Glaciers is straight ride music - there isn't one song on this album that won't have its listening experience improved by playing it in a car going nowhere in particular - and this, too, isn't a coincidence. The firm of Boerner, Baglio, Douglas & Nic have been playing and touring together in various guises for years, refreshing their curriculum at every opportunity. There is always groove and lilt and a slick, knowing humor in their music, but it is always carried and earned through powerful musicianship. Most importantly, there is always reach, always an expansion of their musical agenda through complex arrangements and broad compositional risks.
This has been true over a handful of albums from both The Hot At Nights and Nicolay independently, but never has their reach been as long as it is on Glaciers. There is a freedom to this album bordering on thematic, a sense of narrative pull that wants to take you somewhere as a movement. "Now The Coast Is Clear" and "Tell Me Something New" are both deceptively laconic songs, hinting at the sonic scope of the album to come, but without much in the way of bells or whistles. They rely solely on muscular songwriting here, with a tone that is vast. If landscapes could be made into soundscapes, the first three songs on Glaciers are Exhibits A-C. "The Current" gives us the shades of the softer side of Madhouse. Douglas' wind work carries the tune here, literally and figuratively, with a dense series of melodic glides that jump back and forth between a hopping jazz and something downright pastoral. "Behind Your Door" is the Tears for Fears jazz song you never heard but knew was out there the whole time.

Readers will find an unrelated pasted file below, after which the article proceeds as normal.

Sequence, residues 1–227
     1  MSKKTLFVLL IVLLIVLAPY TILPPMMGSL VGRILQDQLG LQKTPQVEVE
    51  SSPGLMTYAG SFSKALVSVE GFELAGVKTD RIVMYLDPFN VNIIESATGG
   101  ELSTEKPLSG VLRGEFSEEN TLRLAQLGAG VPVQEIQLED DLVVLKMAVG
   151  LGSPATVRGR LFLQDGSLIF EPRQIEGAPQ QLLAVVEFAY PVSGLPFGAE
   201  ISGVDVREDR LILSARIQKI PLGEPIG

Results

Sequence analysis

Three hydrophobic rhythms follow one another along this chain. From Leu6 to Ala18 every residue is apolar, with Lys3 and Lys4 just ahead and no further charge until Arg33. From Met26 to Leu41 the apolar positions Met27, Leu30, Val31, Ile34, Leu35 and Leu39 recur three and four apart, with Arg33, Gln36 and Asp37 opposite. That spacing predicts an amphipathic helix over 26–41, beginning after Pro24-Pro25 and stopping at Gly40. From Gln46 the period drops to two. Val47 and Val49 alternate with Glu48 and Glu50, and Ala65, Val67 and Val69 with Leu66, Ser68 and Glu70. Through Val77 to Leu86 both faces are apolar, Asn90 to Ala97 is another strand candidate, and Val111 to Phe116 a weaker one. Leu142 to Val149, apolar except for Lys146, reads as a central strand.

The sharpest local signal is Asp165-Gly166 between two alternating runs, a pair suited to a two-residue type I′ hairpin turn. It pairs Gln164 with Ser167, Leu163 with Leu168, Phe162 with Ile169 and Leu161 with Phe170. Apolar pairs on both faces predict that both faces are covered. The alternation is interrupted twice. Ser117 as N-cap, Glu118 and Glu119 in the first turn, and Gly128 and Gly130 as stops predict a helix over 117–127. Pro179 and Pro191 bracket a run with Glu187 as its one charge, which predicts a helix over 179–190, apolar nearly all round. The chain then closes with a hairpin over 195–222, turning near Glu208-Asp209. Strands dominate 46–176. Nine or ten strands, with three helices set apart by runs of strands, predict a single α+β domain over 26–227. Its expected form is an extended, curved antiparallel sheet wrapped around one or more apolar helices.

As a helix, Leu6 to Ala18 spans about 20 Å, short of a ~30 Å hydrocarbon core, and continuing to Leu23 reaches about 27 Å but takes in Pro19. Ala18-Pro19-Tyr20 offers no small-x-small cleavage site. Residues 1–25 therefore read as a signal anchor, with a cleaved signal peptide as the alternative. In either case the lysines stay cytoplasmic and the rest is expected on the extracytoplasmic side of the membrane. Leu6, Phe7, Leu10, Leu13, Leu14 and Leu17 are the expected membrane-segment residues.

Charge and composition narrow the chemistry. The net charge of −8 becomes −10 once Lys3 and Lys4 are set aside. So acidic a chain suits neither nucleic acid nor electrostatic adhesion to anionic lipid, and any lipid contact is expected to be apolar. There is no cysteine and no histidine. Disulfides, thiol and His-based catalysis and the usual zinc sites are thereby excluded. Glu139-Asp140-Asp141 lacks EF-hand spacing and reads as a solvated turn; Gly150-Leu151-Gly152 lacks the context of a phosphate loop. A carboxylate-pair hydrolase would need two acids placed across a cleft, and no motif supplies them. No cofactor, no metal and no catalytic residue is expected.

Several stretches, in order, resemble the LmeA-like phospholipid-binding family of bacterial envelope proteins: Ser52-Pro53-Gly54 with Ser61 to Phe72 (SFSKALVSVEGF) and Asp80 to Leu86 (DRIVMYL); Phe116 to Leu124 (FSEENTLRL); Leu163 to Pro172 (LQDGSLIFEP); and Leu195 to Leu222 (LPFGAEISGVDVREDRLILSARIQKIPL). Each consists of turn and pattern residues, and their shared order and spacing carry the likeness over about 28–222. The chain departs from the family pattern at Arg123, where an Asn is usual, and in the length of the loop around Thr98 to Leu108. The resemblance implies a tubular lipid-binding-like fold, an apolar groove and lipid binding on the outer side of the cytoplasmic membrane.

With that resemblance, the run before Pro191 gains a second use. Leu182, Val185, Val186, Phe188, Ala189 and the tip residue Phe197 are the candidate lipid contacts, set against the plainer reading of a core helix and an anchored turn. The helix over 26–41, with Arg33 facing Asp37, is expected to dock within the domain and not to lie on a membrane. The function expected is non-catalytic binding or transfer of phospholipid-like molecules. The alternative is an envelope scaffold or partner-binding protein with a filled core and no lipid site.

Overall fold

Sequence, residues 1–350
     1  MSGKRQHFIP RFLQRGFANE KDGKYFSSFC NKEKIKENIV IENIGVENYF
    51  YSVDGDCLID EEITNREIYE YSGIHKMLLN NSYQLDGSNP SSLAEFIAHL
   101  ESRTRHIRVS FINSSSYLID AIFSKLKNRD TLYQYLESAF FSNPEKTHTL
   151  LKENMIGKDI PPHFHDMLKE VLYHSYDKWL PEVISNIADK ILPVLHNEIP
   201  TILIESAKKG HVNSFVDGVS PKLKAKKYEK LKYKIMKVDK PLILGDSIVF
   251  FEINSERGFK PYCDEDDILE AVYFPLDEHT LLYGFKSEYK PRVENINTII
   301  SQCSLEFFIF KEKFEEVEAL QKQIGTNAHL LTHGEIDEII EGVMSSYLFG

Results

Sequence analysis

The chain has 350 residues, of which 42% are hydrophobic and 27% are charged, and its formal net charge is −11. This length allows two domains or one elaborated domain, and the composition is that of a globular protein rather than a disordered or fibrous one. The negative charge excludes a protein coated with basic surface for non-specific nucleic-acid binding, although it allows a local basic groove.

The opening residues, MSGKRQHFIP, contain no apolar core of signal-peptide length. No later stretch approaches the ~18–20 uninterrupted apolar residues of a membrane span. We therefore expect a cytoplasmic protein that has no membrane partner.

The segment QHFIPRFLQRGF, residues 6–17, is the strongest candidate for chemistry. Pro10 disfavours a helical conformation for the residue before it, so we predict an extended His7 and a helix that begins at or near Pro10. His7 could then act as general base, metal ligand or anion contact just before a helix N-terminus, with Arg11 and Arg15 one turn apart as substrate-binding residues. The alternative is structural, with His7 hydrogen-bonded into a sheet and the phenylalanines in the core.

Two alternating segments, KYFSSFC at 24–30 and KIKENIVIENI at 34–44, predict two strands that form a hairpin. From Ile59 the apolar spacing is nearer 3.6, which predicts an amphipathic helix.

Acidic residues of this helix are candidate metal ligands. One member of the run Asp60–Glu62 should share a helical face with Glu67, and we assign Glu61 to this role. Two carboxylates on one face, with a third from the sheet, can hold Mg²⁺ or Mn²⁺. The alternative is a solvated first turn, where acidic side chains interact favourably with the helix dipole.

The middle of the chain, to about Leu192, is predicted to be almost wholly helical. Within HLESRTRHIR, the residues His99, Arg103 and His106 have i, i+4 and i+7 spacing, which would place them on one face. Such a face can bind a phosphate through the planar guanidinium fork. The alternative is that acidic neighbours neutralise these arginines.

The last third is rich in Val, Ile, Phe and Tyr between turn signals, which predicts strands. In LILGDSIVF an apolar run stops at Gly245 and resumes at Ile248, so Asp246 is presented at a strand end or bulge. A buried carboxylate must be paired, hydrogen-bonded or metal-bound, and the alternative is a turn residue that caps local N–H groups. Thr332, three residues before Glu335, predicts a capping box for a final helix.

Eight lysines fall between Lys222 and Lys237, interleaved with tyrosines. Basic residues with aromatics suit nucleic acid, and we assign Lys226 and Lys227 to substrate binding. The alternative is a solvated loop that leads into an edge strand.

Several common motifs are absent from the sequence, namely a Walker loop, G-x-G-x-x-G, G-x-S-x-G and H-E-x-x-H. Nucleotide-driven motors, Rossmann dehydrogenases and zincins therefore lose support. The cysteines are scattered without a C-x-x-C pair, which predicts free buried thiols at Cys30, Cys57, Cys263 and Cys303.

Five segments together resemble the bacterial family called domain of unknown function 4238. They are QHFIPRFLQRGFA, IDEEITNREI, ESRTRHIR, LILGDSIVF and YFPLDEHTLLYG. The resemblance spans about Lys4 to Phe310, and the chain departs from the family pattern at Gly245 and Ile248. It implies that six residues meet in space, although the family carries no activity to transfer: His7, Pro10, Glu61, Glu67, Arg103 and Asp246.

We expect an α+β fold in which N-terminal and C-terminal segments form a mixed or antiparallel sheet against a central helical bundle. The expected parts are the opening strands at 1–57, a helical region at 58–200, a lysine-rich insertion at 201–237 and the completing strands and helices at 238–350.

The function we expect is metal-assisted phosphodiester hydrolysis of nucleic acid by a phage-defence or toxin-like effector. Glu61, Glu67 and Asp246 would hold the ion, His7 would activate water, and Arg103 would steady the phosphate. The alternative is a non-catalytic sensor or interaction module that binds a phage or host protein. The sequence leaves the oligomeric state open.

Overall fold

The workouts on here bear particular attention. "Pioneer 11", "Saturn", and "To See You Again" rip through their arrangements, popping up here and there in the mix just when you think Glaciers is going to stick to using its inside voice. On these tracks the band has truly leveled up. These are not experiments in Zappa-esque oddity or genre crams: these are grooves that have been wrung out for every color they contain, while managing to keep everything in perfect head-nodding lines. As an album mix goes, it's risky, but these musicians have always been daring. They have shown over and over again that they possess the chops and finishing moves to justify our faith in their leaps.